Life on the Coastside
Compromise is built-in
as published in the Half Moon Bay Review, May 9, 2001

Life as a Coastsider involves more than the good stuff tourists love — great events like Pumpkin Festival and Dream Machines, beaches, trails, and blufftop walks along a rare stretch of largely unspoiled coastline.

But the daily commute grinds slower each day as developers turn open spaces and wildlife habitat into more and more houses and the quality of life on the Coastside deteriorates. Quality of life on the Coastside is not just the house we call a home. It includes our neighborhoods, our schools, our open spaces, and many other things. Things we take for granted. Things that we hope will always be here. But that hope rests on shaky ground without the participation from the community.

That’s why lots of Coastside people from Half Moon Bay to Montara have started the League for Coastside Protection. We need elected officials who aren’t afraid to stand up for the people who live here. Individuals like that need our support.

Half Moon Bay has been growing at the fastest rate of any city in San Mateo County for quite some time, and the unincorporated Mid-Coast is working hard to keep up. Look around. We all see it. And we know that it costs us all something significant. So much so that, in 1999, 64 percent of voters in Half Moon Bay said, "Limit growth to 1 percent per year."

In the 18 months since Measure D passed, large developments are looming on the horizon. Developments, some that have been approved, some that are seeking exemption from Measure D, and still others that are in the planning process. These developments threaten to forever cram open spaces, block view corridors, and ruin priceless endangered habitats. In return, we’ll get more traffic and more burdens on our schools, water, and other essential services. We all pay the price. We pay for other people to profit from exploiting the Coastside.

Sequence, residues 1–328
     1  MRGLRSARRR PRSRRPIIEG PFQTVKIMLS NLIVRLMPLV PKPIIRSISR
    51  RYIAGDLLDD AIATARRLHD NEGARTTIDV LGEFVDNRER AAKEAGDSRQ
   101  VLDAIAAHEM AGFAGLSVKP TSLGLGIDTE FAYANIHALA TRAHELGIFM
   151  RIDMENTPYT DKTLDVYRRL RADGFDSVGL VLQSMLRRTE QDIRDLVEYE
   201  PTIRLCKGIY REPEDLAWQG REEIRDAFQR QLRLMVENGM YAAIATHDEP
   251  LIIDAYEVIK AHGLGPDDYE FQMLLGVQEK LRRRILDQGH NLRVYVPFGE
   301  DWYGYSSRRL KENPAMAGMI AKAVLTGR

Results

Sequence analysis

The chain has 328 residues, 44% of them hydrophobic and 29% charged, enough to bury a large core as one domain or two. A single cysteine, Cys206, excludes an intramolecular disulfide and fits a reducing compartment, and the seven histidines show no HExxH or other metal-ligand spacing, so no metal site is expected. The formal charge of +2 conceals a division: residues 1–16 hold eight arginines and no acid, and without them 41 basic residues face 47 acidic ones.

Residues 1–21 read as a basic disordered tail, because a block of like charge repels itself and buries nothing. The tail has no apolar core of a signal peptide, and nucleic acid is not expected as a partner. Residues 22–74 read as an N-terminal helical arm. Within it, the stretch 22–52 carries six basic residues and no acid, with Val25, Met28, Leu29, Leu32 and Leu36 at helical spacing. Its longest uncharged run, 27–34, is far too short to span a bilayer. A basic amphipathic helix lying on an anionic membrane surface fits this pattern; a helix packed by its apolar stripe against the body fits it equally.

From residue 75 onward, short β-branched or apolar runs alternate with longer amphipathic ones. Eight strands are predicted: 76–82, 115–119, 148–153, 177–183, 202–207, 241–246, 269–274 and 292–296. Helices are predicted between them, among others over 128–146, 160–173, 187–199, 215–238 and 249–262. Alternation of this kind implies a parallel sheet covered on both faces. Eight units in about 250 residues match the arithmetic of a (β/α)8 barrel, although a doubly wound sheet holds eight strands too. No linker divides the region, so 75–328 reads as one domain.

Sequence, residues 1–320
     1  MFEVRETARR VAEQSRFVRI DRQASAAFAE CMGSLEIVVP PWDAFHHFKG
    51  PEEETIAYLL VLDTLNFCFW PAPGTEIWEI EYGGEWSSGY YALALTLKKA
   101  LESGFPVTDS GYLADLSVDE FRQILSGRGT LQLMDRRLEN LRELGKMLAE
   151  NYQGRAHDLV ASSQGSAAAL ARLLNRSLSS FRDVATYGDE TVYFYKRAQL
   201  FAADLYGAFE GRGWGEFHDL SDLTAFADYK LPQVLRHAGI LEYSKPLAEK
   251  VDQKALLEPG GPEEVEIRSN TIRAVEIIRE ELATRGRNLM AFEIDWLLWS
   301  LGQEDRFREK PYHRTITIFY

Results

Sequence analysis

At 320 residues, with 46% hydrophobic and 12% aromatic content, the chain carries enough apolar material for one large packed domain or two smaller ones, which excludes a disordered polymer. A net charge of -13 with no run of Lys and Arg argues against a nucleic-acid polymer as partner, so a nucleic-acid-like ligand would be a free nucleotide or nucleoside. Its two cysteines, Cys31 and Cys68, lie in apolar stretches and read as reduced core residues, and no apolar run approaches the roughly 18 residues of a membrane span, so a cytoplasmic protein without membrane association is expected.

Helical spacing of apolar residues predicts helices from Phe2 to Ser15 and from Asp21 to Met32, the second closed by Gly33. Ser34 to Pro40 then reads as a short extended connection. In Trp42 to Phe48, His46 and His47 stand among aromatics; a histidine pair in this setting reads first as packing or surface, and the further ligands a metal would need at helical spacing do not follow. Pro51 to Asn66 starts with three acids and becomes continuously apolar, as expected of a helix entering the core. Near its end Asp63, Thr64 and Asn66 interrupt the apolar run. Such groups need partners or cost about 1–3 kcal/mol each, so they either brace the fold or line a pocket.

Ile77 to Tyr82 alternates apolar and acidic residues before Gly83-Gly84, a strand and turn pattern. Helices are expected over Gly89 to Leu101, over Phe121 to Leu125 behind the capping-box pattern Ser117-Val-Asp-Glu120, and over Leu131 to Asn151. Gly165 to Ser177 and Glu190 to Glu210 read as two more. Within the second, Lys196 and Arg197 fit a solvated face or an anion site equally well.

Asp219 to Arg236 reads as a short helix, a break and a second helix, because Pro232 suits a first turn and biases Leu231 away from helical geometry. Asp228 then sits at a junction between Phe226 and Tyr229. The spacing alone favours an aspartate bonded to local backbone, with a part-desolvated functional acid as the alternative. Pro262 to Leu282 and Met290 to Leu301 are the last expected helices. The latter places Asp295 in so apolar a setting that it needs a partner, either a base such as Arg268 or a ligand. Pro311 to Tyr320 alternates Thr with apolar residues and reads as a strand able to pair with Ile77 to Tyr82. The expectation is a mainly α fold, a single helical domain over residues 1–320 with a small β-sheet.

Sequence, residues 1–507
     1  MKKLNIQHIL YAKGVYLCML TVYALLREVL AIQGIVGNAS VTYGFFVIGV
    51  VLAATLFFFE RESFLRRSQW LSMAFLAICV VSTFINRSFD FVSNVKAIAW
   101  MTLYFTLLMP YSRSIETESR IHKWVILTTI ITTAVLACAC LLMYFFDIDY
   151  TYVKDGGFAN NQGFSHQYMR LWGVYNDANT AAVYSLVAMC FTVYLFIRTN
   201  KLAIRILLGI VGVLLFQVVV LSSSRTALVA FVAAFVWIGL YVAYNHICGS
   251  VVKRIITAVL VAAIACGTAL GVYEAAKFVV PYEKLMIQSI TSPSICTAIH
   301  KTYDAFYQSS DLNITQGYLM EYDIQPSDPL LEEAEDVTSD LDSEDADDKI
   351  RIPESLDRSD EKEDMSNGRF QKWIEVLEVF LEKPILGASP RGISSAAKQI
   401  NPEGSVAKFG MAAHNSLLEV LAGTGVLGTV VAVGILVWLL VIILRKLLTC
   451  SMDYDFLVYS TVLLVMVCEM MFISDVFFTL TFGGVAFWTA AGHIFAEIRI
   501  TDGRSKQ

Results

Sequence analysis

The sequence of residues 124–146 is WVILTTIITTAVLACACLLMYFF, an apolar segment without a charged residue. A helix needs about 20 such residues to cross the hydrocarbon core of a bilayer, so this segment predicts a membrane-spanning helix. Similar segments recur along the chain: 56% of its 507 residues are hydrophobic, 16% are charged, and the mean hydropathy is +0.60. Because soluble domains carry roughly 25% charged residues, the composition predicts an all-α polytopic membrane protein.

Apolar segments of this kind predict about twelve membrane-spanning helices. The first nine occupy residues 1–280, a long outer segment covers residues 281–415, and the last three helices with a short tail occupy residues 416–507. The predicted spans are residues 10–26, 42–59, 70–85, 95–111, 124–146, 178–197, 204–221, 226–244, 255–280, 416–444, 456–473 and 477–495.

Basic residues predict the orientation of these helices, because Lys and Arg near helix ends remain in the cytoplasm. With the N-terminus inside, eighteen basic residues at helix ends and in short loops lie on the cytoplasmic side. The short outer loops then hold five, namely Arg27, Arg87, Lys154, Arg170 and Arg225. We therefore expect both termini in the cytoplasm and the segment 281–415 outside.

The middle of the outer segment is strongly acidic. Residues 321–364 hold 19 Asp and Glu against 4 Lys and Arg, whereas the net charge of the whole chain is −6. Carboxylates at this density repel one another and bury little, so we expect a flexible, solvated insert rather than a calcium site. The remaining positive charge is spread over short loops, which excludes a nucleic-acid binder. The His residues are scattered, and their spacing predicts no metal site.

Voters know what’s needed — citizens taking charge, as with Measure D and the Tunnel, insisting on reasonable controls on the things that touch our lives. We have laws that safeguard our way of life. You may have heard of something called an LCP, short for local coastal program. Both Half Moon Bay and San Mateo County have LCPs as their part of the California Coastal Act. Each has zoning and environmental regulations, maps, definitions, and even limits on build-out. Build-out is that magic number meaning "we’re full."

Lots of negotiation and compromise went into each LCP to balance the interests of all of the people who live, work and build on the Coastside. Exploitative developers don’t much care for limits of any kind, however, and claim that further compromise is the path to peace and prosperity on the Coastside. As if to prove their point, developers are suing to deny the city, county, and even the Coastal Commission the right to serve the public by enforcing our laws.

What happens when we allow developers to engage in endless compromise on top of the negotiated and legislated compromise reflected in our LCPs? Do we get to a middle ground? Or is it more like the crocodile and the water buffalo? Says the crocodile, "Let’s compromise. I’ll only eat half of you."

The LCPs already take the needs of developers into account. As a matter of fact, LCPs don’t stop development. Each LCP balances everybody’s interests. Builders don’t get to build everything they want. But residents don’t get the equally unrealistic fantasy of an untouched paradise, either. Each LCP is designed to help keep life on the Coastside eminently livable, in a sustainable way.

We live in a tremendous place. There are people here who care about the Coastside. We have well-balanced laws to protect the Coastside. What we need now are enough elected officials who will honor and uphold our laws.

There are those who argue that upholding the law just begs for lawsuits. They say that lawsuits would drain our communities of money needed for kids, seniors, and the underprivileged. They say the "middle ground" is safer and happier. But guess who makes those claims — the very developers trying to cow our elected officials into submission. These are the very same groups that worked against Measure D.

If we don’t enforce our laws, it’s the same as if we repealed them. To protect the Coastside, every board and council must give LCP-compliant answers. It is, after all, just following the law.

The public is invited to attend a public meeting hosted by the League for Coastside Protection on Monday evening, May 14, 7 p.m. at the Miramar Lodge. Come hear what Coastsiders are doing to help our boards and councils honor the LCPs. Learn about specific issues, and how you can help out.

Scott Boyd co-chairs the League for Coastside Protection